• When Paul understood that G-d had always planned to add Gentiles to His family (i.e. grafted into Israel), and that it was through the work of Messiah that it was accomplished, the first believers began rejecting ritual conversion as a means for adding Gentiles. This was tantamount to ethnic genocide to some Jews of the day.
  • The traditional synagogues began rejecting believers both Jew and Gentile over the Gentile impurity issue.
  • After the destruction of the Temple in 70 CE, where the believers had heeded Yeshua’s warnings and fled, many began to view believers as traitors.
  • When the Fiscus Judaicus (Roman tax on Jews) was enacted after the first Jewish revolt, many Gentile believers began to distance themselves from their Jewish brothers and the accompanying persecution.
  • Early in the Second Century, many Gentile believers considered themselves separate and distinct from Israel and considered themselves the “New Israel” (e.g. Justin Martyr, Ignatius, etc.)
  • By the Fourth Century, Christianity was made separate and distinct from Judaism by imperial decree (Constantine’s Nicean Canons, etc.).
  • During the time of the Reformation, sola scriptura was the principle, but in reality, the Reformers were hard pressed to get past the ante-Nicean church fathers and truly draw from the First Century and as such truly be sola scriptura.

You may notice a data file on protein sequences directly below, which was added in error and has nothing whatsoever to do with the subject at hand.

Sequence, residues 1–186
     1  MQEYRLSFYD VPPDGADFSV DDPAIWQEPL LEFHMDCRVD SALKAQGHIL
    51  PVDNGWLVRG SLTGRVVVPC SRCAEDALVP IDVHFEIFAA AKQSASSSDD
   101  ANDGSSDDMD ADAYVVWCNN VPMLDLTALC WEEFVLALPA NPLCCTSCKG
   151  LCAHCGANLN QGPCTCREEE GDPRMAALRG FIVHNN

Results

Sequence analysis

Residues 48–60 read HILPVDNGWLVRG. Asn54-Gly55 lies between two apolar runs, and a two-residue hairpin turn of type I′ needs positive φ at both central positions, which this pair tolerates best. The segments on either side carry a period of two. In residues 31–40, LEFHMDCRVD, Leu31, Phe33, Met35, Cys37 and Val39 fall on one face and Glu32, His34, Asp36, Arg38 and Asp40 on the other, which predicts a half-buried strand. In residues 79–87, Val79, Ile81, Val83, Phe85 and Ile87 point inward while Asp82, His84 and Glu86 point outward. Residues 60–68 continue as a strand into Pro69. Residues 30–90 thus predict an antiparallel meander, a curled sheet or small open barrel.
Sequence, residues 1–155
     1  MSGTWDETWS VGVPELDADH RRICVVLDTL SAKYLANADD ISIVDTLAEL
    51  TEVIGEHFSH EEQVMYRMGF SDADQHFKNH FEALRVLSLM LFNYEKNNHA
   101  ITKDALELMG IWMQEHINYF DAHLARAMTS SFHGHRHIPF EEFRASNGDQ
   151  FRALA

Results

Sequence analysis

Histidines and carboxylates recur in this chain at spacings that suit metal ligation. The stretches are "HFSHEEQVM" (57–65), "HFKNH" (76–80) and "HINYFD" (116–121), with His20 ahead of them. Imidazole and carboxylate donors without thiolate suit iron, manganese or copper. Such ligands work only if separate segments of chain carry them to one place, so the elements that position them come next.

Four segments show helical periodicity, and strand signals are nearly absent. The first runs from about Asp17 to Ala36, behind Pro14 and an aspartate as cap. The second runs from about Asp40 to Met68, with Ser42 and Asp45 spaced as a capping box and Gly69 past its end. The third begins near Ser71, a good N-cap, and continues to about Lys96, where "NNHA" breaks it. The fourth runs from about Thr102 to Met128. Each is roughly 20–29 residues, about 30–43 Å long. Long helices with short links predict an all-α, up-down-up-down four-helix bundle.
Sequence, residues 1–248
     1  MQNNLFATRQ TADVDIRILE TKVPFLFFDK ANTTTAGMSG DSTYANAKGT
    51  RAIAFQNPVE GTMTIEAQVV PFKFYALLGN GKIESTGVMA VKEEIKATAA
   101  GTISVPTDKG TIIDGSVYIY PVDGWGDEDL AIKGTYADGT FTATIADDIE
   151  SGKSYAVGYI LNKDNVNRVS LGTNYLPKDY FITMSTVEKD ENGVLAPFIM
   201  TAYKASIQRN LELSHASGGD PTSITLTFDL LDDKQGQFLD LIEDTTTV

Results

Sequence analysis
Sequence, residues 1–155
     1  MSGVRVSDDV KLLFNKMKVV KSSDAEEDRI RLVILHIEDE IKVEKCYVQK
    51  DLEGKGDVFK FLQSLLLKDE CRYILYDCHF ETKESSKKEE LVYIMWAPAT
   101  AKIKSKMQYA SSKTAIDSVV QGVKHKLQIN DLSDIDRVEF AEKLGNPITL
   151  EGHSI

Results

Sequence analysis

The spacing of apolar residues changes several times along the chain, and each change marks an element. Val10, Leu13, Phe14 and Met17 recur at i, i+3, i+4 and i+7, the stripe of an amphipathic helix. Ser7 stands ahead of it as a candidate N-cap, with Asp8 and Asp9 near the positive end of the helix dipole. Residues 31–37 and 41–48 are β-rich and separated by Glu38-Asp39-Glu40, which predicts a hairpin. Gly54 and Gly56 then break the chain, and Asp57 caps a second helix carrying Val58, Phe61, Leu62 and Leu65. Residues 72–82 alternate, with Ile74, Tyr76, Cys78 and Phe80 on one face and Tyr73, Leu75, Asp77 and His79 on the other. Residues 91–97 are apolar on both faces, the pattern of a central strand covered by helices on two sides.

• The writings of the ante-Nicean fathers are still used for a context in translating Scripture and in formulating what is considered by some as “orthodox” Christian theology. In so doing, Scripture is trumped by the writings of men who, in some cases, lived hundreds of years after the book of Revelation was written.

The Theme of the Apostolic Scriptures

  • Losing sight of what the true theme of the Apostolic Scriptures can be detrimental to your theology. The theme is the same as all of Scripture: redemption.
  • Not redemption from “slavery to the Law” as it is often explained – it is the same as all of Scripture, redemption from slavery to sin, and an undoing of the consequences of sin. We were expelled from the Garden because of sin. G-d dealt with our sin and made a way back to the Garden – to fellowship with Him.
  • Messiah is that way – the only way. He has always been the only way.
  • There was never a different “Old Testament” way to return to G-d (e.g. works-based salvation). The way to return to G-d was always the same as it is now. Although Messiah died and rose in time and space, there is no dispensational change at that event. Hebrews 11 should prove it to all. The commandments of G-d were not given to prove our inadequacy – they were given to reveal the righteousness of G-d.
  • Although within Israel there are individuals who do not acknowledge Messiah, there was never a replacement of G-d’s chosen people by what some call “the church.” Gentiles have been grafted into Israel, G-d’s community of “called out” ones [ekklesia]. Same people. Romans 11 should prove this to all.


Setting aside our theological biases is difficult, but sometimes necessary to uncover the truth of the Apostolic Scriptures. We are only beginning, so let’s take off those “glasses” and read “all Scripture” and see it as profitable…